To counter this, the watchmakers proposed using a shock absorber. But instead of incorporating an additional device, they simply modified the existing anchor design, making it flexible rather than rigid. At each point of impact, this flexibility allows the anchor to absorb the shock and, ultimately, the noise. “The anchor is made of steel and it is 0.15mm thick, much like a strand of hair,” Cavaliere explains. “And it’s all polished and decorated by hand. In its lifetime, that little element can absorb 1.5 million shocks. We tested it for 15 years of wear and it didn’t break.”

In other words, if you purchase and receive your Supersonnerie this year, you will not need to replace the anchor until at least 2032.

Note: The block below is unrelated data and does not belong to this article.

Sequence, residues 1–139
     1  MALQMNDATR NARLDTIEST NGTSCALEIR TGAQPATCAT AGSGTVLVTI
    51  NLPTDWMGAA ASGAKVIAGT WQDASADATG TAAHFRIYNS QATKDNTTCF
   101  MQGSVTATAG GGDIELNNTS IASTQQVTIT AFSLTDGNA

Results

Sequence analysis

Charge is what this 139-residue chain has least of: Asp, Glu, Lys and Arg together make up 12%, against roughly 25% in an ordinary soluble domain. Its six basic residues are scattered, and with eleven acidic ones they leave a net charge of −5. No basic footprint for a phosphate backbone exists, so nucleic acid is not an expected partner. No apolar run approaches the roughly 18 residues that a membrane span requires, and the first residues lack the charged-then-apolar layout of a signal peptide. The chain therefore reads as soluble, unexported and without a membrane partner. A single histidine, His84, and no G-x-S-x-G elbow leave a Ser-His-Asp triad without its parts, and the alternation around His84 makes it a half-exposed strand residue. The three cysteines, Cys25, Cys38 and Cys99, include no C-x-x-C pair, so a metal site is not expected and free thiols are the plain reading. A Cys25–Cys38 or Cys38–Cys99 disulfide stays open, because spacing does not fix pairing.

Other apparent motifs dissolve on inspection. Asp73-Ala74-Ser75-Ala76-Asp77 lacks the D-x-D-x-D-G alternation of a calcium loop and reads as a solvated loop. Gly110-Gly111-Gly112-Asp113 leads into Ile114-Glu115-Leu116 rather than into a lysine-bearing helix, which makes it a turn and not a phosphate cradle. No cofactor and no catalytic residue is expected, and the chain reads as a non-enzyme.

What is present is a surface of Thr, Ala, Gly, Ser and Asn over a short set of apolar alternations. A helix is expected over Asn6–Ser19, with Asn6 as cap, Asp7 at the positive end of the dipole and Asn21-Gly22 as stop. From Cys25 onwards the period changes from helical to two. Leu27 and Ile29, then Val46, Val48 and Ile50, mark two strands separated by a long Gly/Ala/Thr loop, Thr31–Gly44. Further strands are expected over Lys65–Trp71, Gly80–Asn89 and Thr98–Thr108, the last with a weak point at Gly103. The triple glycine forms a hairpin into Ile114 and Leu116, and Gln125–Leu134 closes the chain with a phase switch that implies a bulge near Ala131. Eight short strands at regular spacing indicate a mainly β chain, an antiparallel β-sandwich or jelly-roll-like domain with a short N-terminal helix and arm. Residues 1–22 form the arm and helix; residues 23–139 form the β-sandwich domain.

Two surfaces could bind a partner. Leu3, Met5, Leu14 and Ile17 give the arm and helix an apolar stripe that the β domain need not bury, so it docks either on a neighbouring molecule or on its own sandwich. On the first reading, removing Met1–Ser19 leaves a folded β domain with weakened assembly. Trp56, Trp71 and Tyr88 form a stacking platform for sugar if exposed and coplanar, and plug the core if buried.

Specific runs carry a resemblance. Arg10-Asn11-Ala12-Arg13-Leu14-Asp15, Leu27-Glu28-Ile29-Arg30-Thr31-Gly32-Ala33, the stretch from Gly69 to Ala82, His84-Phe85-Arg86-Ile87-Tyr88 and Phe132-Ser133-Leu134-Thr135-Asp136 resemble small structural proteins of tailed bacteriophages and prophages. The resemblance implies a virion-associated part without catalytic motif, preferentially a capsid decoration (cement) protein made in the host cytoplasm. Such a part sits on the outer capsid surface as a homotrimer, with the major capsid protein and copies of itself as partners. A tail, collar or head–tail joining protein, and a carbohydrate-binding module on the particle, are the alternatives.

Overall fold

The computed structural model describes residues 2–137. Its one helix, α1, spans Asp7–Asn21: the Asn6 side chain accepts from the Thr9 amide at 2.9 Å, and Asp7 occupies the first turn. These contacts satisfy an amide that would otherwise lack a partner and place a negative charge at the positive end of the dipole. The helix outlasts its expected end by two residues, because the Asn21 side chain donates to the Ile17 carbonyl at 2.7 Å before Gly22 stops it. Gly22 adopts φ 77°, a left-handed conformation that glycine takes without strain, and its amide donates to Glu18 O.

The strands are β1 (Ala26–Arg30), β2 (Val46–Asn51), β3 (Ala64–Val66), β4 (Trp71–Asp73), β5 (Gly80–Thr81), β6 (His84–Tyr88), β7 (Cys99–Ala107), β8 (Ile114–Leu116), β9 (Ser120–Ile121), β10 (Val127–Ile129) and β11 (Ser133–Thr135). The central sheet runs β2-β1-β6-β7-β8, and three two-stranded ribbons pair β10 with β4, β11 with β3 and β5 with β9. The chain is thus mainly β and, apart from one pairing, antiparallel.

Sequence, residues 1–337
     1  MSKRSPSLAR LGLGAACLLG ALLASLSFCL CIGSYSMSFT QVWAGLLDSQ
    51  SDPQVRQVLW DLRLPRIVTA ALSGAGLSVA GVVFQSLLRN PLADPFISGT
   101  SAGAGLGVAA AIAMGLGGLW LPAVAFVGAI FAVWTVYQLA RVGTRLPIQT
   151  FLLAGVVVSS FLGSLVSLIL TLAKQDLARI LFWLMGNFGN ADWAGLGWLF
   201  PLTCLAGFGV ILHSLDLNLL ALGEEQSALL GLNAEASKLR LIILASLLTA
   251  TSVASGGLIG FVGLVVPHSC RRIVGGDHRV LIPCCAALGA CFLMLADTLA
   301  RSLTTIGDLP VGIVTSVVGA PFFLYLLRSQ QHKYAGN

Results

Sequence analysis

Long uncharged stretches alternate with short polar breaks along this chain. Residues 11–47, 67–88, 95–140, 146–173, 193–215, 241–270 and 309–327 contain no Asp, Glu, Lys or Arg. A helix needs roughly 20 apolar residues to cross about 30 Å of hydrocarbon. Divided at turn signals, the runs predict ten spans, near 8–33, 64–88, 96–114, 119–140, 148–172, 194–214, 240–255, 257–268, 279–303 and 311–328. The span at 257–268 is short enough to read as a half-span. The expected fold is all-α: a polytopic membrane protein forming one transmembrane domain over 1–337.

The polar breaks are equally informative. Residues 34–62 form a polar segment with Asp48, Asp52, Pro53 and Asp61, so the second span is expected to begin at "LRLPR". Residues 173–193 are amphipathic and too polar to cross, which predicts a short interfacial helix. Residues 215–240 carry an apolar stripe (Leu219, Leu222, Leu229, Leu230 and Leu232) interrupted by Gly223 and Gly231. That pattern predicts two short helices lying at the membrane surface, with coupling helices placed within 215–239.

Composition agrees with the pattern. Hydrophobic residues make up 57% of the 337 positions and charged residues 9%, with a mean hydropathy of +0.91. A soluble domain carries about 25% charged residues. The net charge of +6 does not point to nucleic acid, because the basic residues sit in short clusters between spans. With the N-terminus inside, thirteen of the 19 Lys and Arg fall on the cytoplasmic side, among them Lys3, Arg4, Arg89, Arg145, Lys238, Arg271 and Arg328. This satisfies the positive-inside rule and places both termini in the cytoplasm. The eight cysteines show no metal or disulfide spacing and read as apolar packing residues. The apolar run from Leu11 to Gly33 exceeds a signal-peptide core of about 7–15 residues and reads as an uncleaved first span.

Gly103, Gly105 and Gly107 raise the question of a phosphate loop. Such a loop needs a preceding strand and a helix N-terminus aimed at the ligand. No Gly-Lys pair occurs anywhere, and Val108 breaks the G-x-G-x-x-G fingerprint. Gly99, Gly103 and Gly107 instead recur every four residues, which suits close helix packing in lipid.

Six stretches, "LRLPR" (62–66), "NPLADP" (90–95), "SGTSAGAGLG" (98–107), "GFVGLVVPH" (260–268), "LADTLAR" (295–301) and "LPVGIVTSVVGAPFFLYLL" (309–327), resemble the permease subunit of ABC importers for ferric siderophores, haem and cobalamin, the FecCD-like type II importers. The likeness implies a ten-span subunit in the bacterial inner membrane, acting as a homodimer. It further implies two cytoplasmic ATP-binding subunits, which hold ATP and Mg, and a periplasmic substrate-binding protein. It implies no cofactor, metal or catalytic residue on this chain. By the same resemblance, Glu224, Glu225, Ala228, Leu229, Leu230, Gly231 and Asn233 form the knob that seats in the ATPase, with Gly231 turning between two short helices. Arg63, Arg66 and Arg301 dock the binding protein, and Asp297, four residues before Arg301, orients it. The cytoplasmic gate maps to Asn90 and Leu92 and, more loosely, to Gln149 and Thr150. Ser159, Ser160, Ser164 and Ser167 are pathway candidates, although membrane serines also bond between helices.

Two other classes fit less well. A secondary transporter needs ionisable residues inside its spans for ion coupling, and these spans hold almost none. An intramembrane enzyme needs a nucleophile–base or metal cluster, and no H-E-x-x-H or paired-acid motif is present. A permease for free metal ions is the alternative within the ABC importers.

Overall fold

Does the brand have a buyer in Singapore? “Potentially, yes. This is why we’re here! Of course, the range of people interested in this watch is limited [compared with] the rest of our production. We’re targeting our points-of-sales and boutiques that have connections with such clients,” he says.

All these technical achievements helped the Supersonnerie scoop the Mechanical Exception award at the 2016 Grand Prix d’Horlogerie de Genève in November. The question, of course, is what these advances mean for the brand’s regular minute repeater production. “We’re targeting to use this case design in future repeaters. On round cases, on grand complications. But we won’t use it on all minute repeaters, for reasons of exclusivity. You don’t want to have too many of these watches in the market.”

Besides chronicling developments in the luxury watch industry, Aaron De Silva also runs The Time Traveller SG on Instagram (@thetimetravellersg) and Facebook (www.

This article appeared in the Options of Issue 761 (Jan 9) of The Edge Singapore.